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Radio Retaliation 4.3 out of 5 based on 0 ratings. 4 reviews.
whf9q More than 1 year ago
With the release of "Radio Retaliation," Thievery Corporation does not disappoint. Thievery maintains their signature international dub style with grooving, laid back drum loops, smooth bass lines, reverberant samples, and of course their mixture of instrumentation from all over. Thievery Corporation's "Radio Retaliation" is an album that can be easily described as international, with sounds that can be recognized from all over the globe. Most notably is instrumentation from the Middle East with the use of the sitar on the second track of the album entitled "Mandala," reminiscent of "Lebanese Blonde" off of their 2000 release "The Mirror Conspiracy." However, reggae arguable plays the strongest influence on the record with many upbeat rhythms and reggae vocal style. This influence can be heard right away on the first track, "Sound The Alarm," where the guitar rhythm is riding on the upbeat and the vocal samples are sung with a reggae style. The Latin American influence is heard throughout, mainly with the use of congas on many of the tracks. This is also heard more specifically on the track entitled "Hare Krsna" featuring Seu Gorge, where the Brazilian musician plays guitar and sings in Portuguese. There also exists a Western influence, being that the duo is from Washington D.C., where samples of piano and mainly horns can be heard throughout the album. Tracks such as "The Numbers Game" and "Vampires" contain many samples of blasting trumpets while "Hare Krsna" contains a light, staccato piano track. Throughout the album, on almost every track, there stands a thick, creamy bass line that backs the relaxed beats and eclectic instrumentation. These simple bass lines along with the relaxed main drum beats allow the more complex rhythms of the other percussion instruments to flow freely such as the congas and other drums on "El Pueblo Unido." These bass lines that continue throughout "Radio Retaliation" are an essential to Thievery Corporation's dub style and do not disappoint in comparison to their previous albums. Thievery's main drum loops remain simple, allowing room for foreign instruments and rich samples to be heard that are delayed and reverberated, giving them an airy, ambient sound. "Radio Retaliation" doesn't go without its display of synthesized sounds as well, where Thievery strategically synthesizes reverberating ambient sounds that are simply beautiful in context. "The Forgotten People" is a track on the album with heavy Middle Eastern influence, where behind the Middle Eastern instrumentation and rhythmic loop, different synthesized sounds can be heard ringing out and reverberating giving the track and otherworldly feel. Thievery's use of ambient synthesized sounds is very evident in "La Femme Parallel" as well, where whistling synthesized sounds are delayed, extended, and reverberated into each other allowing me only to describe it as the soundtrack to an asteroid shower. Thievery Corporation's "Radio Retaliation" is another great album by the group, adding to their repertoire of relaxing grooves with extraordinary instrumentation and production. Their dub style on the album has its similarities to such influential artists in the genre such as "African Head Charge," with grooving drum loops, thick bass lines, complex percussion rhythms, and ambient samples. The production of "Radio Retaliation" is top notch and is a great example of Thievery Corporation's position in the dub genre with influences from all over.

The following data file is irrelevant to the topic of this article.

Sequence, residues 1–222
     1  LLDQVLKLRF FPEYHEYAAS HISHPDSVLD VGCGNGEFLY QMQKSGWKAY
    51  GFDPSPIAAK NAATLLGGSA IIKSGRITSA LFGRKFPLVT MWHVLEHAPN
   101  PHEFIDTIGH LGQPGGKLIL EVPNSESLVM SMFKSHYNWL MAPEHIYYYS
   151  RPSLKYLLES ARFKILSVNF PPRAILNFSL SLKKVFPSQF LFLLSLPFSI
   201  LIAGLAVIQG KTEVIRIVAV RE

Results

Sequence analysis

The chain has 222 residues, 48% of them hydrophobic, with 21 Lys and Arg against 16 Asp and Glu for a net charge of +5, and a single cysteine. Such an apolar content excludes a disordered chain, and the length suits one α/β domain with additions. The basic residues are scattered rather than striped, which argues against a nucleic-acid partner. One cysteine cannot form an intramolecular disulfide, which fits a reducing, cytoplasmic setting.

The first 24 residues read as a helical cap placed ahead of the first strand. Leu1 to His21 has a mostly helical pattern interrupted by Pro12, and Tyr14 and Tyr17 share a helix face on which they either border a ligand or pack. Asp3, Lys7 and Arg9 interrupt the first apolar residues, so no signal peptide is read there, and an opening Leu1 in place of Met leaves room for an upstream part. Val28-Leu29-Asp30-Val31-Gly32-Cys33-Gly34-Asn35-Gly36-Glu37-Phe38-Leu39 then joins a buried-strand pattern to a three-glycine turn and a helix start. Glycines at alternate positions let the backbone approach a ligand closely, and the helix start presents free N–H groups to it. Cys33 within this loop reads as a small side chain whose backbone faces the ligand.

Guest More than 1 year ago
This album is nicely put together with dub vocals and mideastern vocals as well. Thievery Corporation has done it again with another classic album that finishes where Richest Man in Babylon left off. This album is well worth it if you are a true Thievery fan. I have followed these guys ever since my years in college of 2003, and I first bought Mirror Conspiracy, and was hooked on their style of Lounge Electronica Dub and Mideastern Outernational Sound. Eric Hilton and Rob Garza are geniuses when it comes to classical samba and bossa nova jazz and mideastern and reggae (dub) mixed with electronica drums and keyboards.
Anonymous More than 1 year ago
Anonymous More than 1 year ago